View Jim Rowe's profile

Jim Rowe

956 posts in 1944 days


#5 posted 09-16-2015 07:47 AM

I recognise that lady! Both portraits look very good.
Jim

-- It always looks better when it's finished!

View Schwieb's profile

Schwieb

1821 posts in 3093 days


#6 posted 09-16-2015 10:08 AM

I think this is all quite remarkable and I admire you for what you do. I would love to take your course one day.

-- Dr. Ken, Florida - Durch harte arbeit werden Träume wahr.

View MrFid's profile

MrFid

831 posts in 1535 days


#7 posted 09-16-2015 11:26 AM

Beautiful work, Paul! I’d love to try this someday. I too would love to take your course.

-- Bailey F - Eastern Mass.

View dbray45's profile

dbray45

3258 posts in 2408 days


#8 posted 09-16-2015 12:12 PM

It is going to be a really good course. Good job Paul

-- David in Damascus, MD

View Jim Jakosh's profile (online now)

Jim Jakosh

18163 posts in 2737 days


#9 posted 09-16-2015 12:19 PM

Great portraits, Paul. You could start a business much like a professional photographer only better!!

-- Jim Jakosh.....Practical Wood Products...........Learn something new every day!! Variety is the Spice of Life!!

View grizzman's profile

grizzman

7836 posts in 2935 days


#10 posted 09-16-2015 12:39 PM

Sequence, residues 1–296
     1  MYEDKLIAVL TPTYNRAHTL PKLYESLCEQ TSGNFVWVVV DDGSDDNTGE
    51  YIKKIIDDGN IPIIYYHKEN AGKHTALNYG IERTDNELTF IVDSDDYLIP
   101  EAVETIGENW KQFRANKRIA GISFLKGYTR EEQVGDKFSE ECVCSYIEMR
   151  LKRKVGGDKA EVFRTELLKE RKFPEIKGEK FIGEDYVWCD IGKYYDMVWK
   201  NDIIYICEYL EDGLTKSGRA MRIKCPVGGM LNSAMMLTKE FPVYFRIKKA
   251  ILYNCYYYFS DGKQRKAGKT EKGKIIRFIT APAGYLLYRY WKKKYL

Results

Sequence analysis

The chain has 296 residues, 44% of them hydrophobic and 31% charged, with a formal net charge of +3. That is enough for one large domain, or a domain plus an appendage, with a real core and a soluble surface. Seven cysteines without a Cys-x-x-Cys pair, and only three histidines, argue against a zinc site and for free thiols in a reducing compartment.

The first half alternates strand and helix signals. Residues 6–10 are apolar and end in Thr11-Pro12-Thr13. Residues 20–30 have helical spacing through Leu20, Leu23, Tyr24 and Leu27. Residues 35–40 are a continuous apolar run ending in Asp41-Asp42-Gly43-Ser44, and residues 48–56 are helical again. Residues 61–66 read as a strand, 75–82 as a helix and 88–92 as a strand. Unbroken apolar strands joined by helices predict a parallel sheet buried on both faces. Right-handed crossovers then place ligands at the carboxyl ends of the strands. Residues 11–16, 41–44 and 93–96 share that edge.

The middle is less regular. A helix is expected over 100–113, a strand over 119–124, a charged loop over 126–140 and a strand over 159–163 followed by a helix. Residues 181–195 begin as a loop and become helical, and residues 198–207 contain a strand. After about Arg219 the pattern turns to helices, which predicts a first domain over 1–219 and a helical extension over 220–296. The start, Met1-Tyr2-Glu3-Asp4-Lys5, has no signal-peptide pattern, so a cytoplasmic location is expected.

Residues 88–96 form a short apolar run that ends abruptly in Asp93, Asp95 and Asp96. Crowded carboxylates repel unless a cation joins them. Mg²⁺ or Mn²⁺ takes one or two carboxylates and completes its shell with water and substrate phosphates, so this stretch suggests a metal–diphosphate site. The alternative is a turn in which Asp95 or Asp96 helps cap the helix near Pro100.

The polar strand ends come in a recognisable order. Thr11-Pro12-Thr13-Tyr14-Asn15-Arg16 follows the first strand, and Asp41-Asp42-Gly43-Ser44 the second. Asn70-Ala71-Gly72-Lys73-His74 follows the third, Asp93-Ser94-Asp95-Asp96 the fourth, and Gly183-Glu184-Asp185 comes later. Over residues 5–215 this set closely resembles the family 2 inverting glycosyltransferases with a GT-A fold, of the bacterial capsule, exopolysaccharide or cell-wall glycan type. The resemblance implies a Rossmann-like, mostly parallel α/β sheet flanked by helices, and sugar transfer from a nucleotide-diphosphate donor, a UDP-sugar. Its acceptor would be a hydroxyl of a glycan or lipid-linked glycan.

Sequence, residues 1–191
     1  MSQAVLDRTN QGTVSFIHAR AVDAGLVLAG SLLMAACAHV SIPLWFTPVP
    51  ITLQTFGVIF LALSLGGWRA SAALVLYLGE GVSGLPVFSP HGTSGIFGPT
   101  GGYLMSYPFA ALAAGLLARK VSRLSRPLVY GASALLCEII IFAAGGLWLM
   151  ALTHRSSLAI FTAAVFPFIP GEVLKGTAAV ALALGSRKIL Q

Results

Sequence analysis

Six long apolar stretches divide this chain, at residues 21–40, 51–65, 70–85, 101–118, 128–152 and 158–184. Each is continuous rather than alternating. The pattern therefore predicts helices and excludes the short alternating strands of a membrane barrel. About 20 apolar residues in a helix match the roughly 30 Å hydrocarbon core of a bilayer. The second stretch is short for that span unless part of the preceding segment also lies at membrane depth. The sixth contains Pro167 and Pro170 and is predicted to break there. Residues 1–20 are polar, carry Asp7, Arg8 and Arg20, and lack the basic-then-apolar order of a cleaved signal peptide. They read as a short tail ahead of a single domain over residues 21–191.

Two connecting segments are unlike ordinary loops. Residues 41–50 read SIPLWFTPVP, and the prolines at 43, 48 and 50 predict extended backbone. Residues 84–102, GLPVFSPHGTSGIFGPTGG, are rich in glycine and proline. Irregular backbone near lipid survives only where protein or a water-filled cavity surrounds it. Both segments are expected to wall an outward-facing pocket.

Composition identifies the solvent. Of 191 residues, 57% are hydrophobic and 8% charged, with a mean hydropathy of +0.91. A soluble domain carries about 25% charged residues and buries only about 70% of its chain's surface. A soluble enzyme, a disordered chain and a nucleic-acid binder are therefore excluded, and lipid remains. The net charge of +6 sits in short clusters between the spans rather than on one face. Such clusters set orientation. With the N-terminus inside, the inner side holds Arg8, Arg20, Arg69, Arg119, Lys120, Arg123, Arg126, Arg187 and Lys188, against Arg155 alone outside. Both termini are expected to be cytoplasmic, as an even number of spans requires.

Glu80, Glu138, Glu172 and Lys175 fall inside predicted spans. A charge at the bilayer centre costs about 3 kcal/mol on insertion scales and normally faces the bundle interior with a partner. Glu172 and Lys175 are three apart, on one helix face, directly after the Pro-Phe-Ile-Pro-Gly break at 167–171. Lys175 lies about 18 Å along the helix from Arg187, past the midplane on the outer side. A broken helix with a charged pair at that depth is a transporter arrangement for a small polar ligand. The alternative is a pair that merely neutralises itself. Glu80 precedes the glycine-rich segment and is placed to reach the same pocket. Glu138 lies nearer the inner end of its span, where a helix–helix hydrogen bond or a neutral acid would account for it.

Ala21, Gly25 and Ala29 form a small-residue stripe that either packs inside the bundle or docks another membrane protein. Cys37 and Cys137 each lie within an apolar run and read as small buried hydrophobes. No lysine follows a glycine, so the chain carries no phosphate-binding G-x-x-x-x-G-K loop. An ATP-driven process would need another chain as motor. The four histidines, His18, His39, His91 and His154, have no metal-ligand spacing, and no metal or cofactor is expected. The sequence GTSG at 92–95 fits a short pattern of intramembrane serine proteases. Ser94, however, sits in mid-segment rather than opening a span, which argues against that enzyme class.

pretty cool idea for your class, i think you did a grand job…

-- GRIZZMAN ...[''''']

View Roman - THE BOOTMAN's profile

Roman - THE BOOTMAN

842 posts in 2317 days


#11 posted 09-16-2015 02:21 PM

I like your idea. I’ve been thinking of a similar project in my power carving classes using scraps of laminated MDF. Will need to experiment on myself before I offer that class.
Question, Is you picture in reverse?
Great post, Roman

-- Roman:... These Boots Were Made For 'Talkin'!

View Ocelot's profile

Ocelot

1589 posts in 2269 days


#12 posted 09-16-2015 02:25 PM

That worked much better than I would have guessed.

I noticed that your image has been mirrored.

-Paul

View Arlin Eastman's profile

Arlin Eastman

3736 posts in 2192 days


#13 posted 09-16-2015 02:26 PM

You did a very good job. Did you use the scrollsaw or hand saw?

-- Please help me help other Vets click..> http://www.gofundme.com/m1abko.....It is always the right time, to do the right thing.

View shipwright's profile

shipwright

7528 posts in 2429 days


#14 posted 09-16-2015 03:06 PM

Thanks all,

Roman and Paul, I flopped my photo so that when I put the two together (last photo) we would be looking toward each other. I thought it would have looked odd otherwise.

Arlin, they are cut on my chevalet.

-- Paul M ..............If God wanted us to have fiberglass boats he would have given us fibreglass trees. http://thecanadianschooloffrenchmarquetry.com/

View jmartel's profile

jmartel

7074 posts in 1781 days


#15 posted 09-16-2015 03:48 PM

Paul, Nice work.

I have to say that your self portrait makes you look a bit like Leonard Nimoy.

-- The quality of one's woodworking is directly related to the amount of flannel worn.